How are you feeding your toddler? Maritime researchers want to know
‘Keep mealtimes happy’
A research project in the Maritime provinces is asking parents about the eating habits of families with toddlers to explore whether messages about new strategies are reaching them.
Misty Rossiter, a professor in the department of applied human sciences at UPEI, is part of the joint project with Mount St. Vincent University in Halifax. A short online survey has already been filled out by hundreds of parents.
The survey asks questions about responsive feeding, currently considered best practice for getting toddlers to develop a healthy relationship with food.
"Responsive feeding gives a little bit of autonomy back to the child to decide when they're full or when they're hungry," said Rossiter.
"Responsive feeding practices are also around sitting with the children at the table and role modelling some good feeding behaviours. Allowing children to serve themselves, which sometimes can be an interesting experience, but also sets up sort of healthy practices for later in life."
Only 1 more week to complete our survey to help us better understand <a href="https://twitter.com/hashtag/healthyeating?src=hash&ref_src=twsrc%5Etfw">#healthyeating</a> practices! Your experiences & perspectives matter- share yours at <a href="https://t.co/X3IdkFgR2B">https://t.co/X3IdkFgR2B</a>. A huge thank you to all <a href="https://twitter.com/hashtag/NS?src=hash&ref_src=twsrc%5Etfw">#NS</a>, <a href="https://twitter.com/hashtag/NB?src=hash&ref_src=twsrc%5Etfw">#NB</a> & <a href="https://twitter.com/hashtag/PEI?src=hash&ref_src=twsrc%5Etfw">#PEI</a> families who have shared with us so far. <a href="https://twitter.com/hashtag/earlychildhood?src=hash&ref_src=twsrc%5Etfw">#earlychildhood</a> <a href="https://t.co/D0UiZh3Kbk">pic.twitter.com/D0UiZh3Kbk</a>—@eccrc_msvu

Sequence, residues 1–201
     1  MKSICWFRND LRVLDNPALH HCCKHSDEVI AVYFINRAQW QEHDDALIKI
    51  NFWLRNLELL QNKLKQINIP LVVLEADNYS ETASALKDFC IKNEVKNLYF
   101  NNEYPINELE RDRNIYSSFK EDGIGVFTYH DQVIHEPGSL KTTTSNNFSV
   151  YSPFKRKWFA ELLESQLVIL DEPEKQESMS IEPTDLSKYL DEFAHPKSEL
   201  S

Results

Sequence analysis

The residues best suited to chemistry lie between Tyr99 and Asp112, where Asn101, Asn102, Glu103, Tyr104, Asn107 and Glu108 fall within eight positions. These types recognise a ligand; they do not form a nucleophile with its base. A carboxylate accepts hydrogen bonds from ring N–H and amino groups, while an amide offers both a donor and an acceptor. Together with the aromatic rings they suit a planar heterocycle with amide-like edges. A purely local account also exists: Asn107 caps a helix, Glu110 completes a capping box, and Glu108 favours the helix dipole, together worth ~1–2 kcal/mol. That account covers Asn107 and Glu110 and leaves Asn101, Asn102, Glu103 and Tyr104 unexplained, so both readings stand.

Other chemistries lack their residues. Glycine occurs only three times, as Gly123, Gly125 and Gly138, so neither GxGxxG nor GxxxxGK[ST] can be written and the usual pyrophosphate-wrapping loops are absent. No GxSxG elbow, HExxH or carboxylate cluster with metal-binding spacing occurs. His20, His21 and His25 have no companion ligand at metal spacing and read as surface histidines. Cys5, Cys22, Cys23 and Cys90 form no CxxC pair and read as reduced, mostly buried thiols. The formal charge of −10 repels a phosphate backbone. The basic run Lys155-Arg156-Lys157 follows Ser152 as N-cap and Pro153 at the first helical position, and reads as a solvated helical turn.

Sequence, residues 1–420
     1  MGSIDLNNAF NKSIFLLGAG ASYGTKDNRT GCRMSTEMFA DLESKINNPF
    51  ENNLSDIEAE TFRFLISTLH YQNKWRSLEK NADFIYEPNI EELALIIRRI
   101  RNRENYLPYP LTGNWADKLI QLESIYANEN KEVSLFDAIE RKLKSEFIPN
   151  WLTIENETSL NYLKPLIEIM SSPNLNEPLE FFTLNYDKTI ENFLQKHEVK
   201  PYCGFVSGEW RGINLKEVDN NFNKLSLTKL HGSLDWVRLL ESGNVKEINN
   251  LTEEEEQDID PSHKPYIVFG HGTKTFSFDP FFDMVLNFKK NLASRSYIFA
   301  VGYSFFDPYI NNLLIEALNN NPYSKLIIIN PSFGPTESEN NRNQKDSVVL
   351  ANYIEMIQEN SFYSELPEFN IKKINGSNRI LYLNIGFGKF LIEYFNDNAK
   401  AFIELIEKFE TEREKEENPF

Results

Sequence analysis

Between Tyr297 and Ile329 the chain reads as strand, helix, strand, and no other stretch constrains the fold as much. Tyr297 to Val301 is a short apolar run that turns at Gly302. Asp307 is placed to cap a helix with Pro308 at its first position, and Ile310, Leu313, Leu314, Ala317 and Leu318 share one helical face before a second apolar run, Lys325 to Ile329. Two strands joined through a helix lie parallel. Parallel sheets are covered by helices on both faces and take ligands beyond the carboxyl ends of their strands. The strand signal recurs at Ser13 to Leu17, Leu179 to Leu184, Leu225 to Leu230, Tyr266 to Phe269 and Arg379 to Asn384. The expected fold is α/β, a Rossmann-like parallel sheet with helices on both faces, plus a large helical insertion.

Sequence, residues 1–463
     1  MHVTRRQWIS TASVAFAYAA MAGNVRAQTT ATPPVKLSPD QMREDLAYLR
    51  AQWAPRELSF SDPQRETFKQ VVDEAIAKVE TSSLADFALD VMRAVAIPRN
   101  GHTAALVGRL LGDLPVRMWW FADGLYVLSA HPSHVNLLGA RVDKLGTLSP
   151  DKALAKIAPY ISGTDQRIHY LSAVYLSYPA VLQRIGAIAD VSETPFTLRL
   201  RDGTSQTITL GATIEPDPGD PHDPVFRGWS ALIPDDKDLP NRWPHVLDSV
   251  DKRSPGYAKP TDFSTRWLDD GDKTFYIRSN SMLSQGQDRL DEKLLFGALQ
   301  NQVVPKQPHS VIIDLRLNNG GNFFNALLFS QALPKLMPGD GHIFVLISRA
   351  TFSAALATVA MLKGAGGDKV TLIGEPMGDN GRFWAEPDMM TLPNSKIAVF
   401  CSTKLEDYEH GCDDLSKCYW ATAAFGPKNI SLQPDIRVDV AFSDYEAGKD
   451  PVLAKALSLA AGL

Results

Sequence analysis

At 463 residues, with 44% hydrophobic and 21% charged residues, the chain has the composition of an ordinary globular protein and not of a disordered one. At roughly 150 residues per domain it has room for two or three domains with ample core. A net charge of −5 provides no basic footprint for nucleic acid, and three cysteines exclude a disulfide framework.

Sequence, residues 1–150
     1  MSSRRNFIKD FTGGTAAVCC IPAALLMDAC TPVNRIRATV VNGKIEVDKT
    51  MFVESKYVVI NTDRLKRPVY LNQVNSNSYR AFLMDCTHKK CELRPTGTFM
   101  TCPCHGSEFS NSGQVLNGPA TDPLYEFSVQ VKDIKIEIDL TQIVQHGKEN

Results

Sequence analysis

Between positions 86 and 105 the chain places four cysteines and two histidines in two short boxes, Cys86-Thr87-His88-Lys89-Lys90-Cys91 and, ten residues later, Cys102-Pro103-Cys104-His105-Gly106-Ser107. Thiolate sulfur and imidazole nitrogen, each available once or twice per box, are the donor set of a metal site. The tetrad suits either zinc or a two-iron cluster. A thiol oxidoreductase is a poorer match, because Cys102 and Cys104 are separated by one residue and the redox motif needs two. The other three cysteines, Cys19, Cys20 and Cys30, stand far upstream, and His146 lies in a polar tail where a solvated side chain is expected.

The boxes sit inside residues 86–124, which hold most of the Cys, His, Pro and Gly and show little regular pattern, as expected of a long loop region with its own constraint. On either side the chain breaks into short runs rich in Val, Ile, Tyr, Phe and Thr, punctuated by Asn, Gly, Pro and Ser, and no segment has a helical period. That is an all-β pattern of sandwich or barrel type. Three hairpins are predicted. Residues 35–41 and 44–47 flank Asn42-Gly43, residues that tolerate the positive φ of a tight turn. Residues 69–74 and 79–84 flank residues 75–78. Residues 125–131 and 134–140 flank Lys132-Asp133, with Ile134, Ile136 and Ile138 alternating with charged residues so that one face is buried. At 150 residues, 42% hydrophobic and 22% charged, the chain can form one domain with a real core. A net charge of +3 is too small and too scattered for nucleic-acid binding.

It's not necessarily easy
Some older style practices are out, such as insisting on finishing everything on your plate, offering dessert as a reward, or making a fuss if a child goes through a phase of wanting to eat nothing but carrots.
Rossiter acknowledges that not worrying too much about a balanced diet can be a challenge.
"That is extremely difficult, especially if you've got a child who maybe only prefers a certain amount of foods or a certain number of foods," she said.
"It's really important to keep the conversation light and to keep mealtimes happy."
Rossiter noted Canada's new food guide includes information not just on what children should be eating, but also about how children should be offered food. The job of caregivers, she said, is to provide healthy options. The current thinking is that eventually healthy eating will follow.
The survey is anonymous and takes about 15 minutes to complete. It closes on Monday.
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With files from Island Morning